Reconstruction of Ocean Entry Timing and Growth Rates of Juvenile Chum Salmon in Alaskan Waters of the Chukchi and Northern Bering Seas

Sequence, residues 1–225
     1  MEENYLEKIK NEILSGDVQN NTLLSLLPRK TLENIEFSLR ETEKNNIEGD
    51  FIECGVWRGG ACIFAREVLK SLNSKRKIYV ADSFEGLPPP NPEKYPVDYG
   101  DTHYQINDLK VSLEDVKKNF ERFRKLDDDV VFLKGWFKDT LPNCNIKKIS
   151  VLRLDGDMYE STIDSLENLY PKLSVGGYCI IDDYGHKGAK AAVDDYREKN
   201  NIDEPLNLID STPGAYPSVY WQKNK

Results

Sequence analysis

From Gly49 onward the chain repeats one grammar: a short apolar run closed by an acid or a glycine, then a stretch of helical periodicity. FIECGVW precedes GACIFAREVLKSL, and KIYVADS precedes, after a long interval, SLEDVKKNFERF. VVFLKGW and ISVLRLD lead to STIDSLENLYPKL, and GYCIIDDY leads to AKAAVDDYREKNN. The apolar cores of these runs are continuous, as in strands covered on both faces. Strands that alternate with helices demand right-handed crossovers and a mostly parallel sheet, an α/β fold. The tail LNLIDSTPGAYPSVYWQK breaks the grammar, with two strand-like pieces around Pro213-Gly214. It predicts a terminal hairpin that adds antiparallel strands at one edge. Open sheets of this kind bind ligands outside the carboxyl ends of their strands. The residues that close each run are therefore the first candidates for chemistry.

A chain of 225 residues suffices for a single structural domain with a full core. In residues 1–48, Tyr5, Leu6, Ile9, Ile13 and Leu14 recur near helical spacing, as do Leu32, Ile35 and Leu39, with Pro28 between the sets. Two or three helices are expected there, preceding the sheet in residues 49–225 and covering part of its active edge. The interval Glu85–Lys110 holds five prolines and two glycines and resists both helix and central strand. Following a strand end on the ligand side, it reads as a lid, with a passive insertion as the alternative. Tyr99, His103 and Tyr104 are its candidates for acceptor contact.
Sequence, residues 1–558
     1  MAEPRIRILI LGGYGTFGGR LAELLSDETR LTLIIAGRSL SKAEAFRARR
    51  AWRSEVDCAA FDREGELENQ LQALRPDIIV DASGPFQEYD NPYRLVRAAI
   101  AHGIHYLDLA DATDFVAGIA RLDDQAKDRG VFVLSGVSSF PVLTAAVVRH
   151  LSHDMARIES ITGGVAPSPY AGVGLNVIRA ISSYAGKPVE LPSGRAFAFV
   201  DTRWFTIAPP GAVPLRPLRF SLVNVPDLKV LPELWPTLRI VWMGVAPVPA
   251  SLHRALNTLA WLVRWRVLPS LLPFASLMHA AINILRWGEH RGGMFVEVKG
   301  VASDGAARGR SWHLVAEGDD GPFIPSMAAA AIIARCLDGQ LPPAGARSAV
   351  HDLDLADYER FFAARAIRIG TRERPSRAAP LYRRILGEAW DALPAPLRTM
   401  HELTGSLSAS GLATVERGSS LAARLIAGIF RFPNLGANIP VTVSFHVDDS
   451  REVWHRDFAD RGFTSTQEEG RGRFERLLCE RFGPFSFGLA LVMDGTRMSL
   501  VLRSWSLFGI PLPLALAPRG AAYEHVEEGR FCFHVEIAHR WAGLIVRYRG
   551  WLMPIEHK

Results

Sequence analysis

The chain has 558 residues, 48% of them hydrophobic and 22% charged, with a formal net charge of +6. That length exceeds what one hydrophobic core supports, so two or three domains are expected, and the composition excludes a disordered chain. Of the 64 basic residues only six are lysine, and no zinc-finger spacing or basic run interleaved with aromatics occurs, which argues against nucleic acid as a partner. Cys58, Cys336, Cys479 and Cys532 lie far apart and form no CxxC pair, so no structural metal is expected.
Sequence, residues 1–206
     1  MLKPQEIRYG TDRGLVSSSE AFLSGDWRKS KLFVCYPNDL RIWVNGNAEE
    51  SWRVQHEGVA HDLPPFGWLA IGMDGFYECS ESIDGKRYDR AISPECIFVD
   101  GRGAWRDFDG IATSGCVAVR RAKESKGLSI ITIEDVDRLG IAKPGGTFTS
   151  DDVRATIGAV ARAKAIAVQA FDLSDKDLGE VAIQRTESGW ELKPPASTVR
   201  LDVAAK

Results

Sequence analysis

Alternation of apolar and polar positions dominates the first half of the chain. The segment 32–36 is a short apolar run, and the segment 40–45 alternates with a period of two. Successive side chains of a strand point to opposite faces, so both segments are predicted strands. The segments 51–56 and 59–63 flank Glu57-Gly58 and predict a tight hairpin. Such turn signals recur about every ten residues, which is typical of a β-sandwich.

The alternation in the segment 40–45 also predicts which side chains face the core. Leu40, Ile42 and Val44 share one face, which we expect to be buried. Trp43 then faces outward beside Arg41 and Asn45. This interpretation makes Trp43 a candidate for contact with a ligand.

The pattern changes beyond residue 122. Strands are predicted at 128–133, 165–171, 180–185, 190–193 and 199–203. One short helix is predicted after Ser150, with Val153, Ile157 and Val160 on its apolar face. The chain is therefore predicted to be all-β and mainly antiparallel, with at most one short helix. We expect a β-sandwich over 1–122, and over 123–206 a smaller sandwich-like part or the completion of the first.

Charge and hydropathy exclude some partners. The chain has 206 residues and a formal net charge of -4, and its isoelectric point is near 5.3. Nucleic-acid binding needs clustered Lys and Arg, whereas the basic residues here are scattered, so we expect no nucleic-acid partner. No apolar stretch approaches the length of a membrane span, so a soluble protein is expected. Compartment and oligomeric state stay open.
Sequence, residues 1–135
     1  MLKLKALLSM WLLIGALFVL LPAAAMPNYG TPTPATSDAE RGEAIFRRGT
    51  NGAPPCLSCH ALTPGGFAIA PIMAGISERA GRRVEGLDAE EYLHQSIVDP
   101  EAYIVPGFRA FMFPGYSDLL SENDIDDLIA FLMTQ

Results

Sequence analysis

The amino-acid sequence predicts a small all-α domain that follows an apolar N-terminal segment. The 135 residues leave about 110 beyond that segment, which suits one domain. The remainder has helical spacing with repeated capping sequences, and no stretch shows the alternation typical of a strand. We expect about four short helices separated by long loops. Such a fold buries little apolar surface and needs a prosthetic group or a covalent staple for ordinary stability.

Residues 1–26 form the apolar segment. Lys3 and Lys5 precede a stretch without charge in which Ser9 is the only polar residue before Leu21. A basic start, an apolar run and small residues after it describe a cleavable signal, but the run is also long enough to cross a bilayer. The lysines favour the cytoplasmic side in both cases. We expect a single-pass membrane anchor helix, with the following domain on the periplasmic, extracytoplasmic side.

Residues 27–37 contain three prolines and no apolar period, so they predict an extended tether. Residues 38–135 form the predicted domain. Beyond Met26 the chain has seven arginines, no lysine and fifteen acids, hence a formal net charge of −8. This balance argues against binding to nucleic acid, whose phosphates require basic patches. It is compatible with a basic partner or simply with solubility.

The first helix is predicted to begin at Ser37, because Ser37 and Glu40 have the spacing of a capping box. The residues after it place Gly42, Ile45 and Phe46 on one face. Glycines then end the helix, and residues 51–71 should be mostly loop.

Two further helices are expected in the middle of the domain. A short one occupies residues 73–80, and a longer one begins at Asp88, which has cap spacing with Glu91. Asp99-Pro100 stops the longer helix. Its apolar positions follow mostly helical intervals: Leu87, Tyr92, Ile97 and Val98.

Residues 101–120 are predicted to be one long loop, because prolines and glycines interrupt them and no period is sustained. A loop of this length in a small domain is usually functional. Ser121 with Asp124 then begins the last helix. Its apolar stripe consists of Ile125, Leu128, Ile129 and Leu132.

Recent climate change is most pronounced in the Arctic, with implications for shifts in juvenile salmon distributions and life-history patterns. Chum Salmon are the most widely distributed Pacific salmon; however, few studies have examined their early marine life history. The objectives of this study were to determine ocean entry timing of Chum Salmon in the Chukchi and northern Bering seas and increase our understanding of their early life history characteristics. Otolith microchemistry analysis and daily growth increments were used to estimate entry dates and growth rates of Chum Salmon from summers 2007 (a year of minimal seas ice), 2012, and 2013. Similar growth was observed between regions in 2007, but significant differences were detected in 2012, with northern Bering Sea juveniles having greater lengths-at-age than Chukchi Sea fish. No differences in growth were observed between years within regions. Both regions exhibited similar characteristics with respect to entry timing. Chukchi Sea fish in 2012 had an earlier entry date than northern Bering Sea individuals the same year and in both regions in 2007. By understanding the early life history and growth of Chum Salmon, informed predictions can be made on the effects of climate change on these stocks.